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Local restaurants struggle with shortages post pandemic

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LA CROSSE, Wis. (WXOW) - The pandemic may be coming to an end but for local restaurants, the challenges continue as many face employee and food supply shortages.

Tina Schumaker, Owner of JavaVino, said they have seen a variety of struggles post pandemic. While being extra busy was pleasantly welcomed, she said it has been difficult.

"We've continued with some of the same struggles that we had during the pandemic such as sourcing products that we used in the past. We've had to get more creative with that. We've also continued with some hiring struggles. Just getting people to show up for interviews as well as finding the right candidates that meet the needs of our team," said Schumaker.

With them opening up their patio and now implementing EatStreet, she said it has been difficult finding employees with certain availability. Schumaker explained that they are looking for employees eager to get to work with a good attitude.

"We are looking for a friendly face, a great smile, and someone who is willing to put in the work and get to know our guests that come in here because we truly feel that people remember how we made them feel when they come here to JavaVino. Of course the food is great, the beverages are great, but we really want them to remember how we made them feel," said Schumaker.

She said they actually did a recruitment video to show people all the potential positions they have to offer. Throughout the pandemic, many people took advantage of their carry-out option and Schumaker said that is something that has continued to be steady and with business picking up, they are doing a lot of juggling.

"What we really want people to know is that if they apply here, it is a family friendly environment. It is family owned and operated. I own the place, I am here most days. We take care of our employees like we do our family. It's a very fun and vibrant environment. We work hard but also play hard and that creates a great environment for our staff to work in," said Schumaker.

Just across town, Piggy's is facing similar challenges. Chris Roderique, Chef and Owner of Piggy's and Uno Venti, said the pandemic has led to a few big changes for them. Before the pandemic, they had two restaurants, Piggy's upstairs and the Blues Lounge downstairs. When they shut down, they had to lay off 71 employees and after they re-opened, Roderique said they thought it would be hard to run one restaurant let alone two, so they closed the Blues Lounge and are just going with the one.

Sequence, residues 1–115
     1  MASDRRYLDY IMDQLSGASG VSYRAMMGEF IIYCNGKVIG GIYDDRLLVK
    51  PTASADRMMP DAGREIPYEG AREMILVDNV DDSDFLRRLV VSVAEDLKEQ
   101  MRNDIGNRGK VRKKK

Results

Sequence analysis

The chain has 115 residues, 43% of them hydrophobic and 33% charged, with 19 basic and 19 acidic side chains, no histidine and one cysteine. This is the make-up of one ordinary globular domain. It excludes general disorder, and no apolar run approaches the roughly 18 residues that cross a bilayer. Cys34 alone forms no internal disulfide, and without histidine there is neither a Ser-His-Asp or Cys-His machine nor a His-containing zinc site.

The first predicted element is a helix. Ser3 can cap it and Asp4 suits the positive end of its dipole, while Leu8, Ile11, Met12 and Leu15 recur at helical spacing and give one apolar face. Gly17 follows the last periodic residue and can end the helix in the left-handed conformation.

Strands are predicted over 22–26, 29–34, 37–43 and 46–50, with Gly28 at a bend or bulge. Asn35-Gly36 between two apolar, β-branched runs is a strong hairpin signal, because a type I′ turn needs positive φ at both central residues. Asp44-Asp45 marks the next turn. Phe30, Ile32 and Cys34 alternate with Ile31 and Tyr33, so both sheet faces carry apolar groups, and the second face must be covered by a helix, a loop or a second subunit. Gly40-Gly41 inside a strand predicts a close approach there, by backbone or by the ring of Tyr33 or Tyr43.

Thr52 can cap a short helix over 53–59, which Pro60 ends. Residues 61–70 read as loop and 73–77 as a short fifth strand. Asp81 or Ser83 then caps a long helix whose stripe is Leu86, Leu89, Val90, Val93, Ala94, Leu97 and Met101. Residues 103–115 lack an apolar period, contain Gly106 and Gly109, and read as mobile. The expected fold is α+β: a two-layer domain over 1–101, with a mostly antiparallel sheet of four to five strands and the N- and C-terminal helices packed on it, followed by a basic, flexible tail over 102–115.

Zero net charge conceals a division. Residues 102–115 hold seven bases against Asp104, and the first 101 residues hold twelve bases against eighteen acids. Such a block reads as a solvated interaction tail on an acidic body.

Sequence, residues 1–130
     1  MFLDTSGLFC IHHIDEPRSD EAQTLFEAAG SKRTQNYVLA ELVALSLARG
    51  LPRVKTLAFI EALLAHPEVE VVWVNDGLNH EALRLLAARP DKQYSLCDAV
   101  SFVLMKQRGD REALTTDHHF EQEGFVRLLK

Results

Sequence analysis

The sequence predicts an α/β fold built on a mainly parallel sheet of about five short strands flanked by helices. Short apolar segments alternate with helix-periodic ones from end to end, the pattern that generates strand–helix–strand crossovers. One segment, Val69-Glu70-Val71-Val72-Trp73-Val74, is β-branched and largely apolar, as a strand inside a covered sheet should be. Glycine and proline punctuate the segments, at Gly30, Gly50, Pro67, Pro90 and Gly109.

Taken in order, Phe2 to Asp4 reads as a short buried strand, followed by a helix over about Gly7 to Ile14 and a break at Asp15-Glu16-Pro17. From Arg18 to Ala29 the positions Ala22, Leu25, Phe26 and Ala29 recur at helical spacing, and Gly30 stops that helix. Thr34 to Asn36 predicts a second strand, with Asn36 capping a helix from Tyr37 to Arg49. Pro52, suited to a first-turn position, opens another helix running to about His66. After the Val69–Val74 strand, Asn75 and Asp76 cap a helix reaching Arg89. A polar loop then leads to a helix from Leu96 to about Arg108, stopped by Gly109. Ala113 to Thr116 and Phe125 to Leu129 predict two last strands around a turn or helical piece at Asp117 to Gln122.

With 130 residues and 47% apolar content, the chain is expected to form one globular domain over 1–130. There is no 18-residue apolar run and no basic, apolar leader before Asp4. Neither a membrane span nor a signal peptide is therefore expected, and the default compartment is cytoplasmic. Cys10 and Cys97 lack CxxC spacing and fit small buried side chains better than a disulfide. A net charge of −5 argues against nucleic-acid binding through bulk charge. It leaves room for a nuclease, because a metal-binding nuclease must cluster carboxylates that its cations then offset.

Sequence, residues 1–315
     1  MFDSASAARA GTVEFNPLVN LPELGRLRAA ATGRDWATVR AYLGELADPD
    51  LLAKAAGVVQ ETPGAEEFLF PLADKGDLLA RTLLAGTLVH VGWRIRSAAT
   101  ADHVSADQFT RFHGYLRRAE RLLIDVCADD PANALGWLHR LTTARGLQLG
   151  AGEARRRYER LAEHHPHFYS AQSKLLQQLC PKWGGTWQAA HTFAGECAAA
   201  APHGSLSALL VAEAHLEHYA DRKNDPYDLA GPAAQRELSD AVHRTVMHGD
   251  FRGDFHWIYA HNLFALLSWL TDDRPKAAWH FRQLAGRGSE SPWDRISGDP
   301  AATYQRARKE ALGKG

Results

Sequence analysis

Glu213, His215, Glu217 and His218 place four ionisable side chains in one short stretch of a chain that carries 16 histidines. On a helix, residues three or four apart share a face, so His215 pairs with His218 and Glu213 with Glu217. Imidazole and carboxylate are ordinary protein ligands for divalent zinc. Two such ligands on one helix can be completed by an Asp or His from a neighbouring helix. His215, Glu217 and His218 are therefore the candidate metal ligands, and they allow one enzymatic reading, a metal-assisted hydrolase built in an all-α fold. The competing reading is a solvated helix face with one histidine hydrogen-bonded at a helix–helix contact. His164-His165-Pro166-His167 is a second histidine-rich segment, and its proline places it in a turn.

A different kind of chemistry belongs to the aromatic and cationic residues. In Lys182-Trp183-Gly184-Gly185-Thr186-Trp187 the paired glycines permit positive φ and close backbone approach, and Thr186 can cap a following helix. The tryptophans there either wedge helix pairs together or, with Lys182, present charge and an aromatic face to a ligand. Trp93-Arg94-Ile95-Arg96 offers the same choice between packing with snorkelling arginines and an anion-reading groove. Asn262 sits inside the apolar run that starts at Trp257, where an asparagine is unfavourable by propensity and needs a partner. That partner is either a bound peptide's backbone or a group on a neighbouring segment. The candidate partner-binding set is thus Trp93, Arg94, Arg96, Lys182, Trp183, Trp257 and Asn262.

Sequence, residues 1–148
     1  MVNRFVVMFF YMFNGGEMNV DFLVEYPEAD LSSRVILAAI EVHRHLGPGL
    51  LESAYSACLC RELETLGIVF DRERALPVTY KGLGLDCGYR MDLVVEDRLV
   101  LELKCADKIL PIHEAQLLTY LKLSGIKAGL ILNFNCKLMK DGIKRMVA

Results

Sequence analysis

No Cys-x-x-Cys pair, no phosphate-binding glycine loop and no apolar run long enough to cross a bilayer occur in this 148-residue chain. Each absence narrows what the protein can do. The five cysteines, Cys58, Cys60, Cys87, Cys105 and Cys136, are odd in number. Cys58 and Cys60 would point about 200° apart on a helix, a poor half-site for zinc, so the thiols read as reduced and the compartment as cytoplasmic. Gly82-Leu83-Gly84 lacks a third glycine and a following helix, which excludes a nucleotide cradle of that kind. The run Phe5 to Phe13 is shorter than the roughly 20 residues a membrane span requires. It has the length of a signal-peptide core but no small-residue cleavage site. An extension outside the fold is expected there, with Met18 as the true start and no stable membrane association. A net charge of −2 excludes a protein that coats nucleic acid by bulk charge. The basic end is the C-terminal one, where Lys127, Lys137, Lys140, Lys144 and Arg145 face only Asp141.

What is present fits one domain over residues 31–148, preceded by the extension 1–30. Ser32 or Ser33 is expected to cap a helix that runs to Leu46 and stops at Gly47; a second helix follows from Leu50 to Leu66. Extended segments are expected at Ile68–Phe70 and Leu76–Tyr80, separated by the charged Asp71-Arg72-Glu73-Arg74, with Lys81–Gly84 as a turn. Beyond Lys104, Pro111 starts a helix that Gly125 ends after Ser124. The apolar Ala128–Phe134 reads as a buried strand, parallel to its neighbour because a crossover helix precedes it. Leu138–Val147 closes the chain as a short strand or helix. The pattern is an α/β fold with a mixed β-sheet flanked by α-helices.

They turned the downstairs into the dining room and the upstairs is now for events. But now, they are facing some of the same challenges other restaurants are facing.

"The one thing I think the public doesn't understand is the shortages. Even though restaurants are short-handed on wait staff and kitchen people, food producers are, too," said Roderique. "We are really having a hard time getting the products that we need to keep our menu alive. We cannot get ribs. We are a place called Piggy's and we cannot get ribs."

He explained that this week they are also struggling to get fresh chickens.

"Prices are going through the roof because there aren't enough truckers to bring the stuff over from California for produce or even locally. Everybody is challenged. It doesn't matter which facet of the foodservice business that you're in," said Roderique. "It's a reflection on the customer experience in my opinion."

They are hiring, Roderique said, and moving forward they will need employees to sustain their business. He is asking for patience from community members when dining with them because of the shortages.

"You can see looking around the dining room that there are still tables closed. That's because we don't want to overwork the staff that we have. We can't just open up fully because we would be providing terrible service and what good does that do you," said Roderique.

He said the expectation level for many people is extremely high coming off the pandemic and they have lost employees because of how they have been treated by the public and that makes it even tougher.

For anyone looking for a position, you can visit their websites or go into the restaurants to apply or talk to the owners.

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Rylie Kyhn

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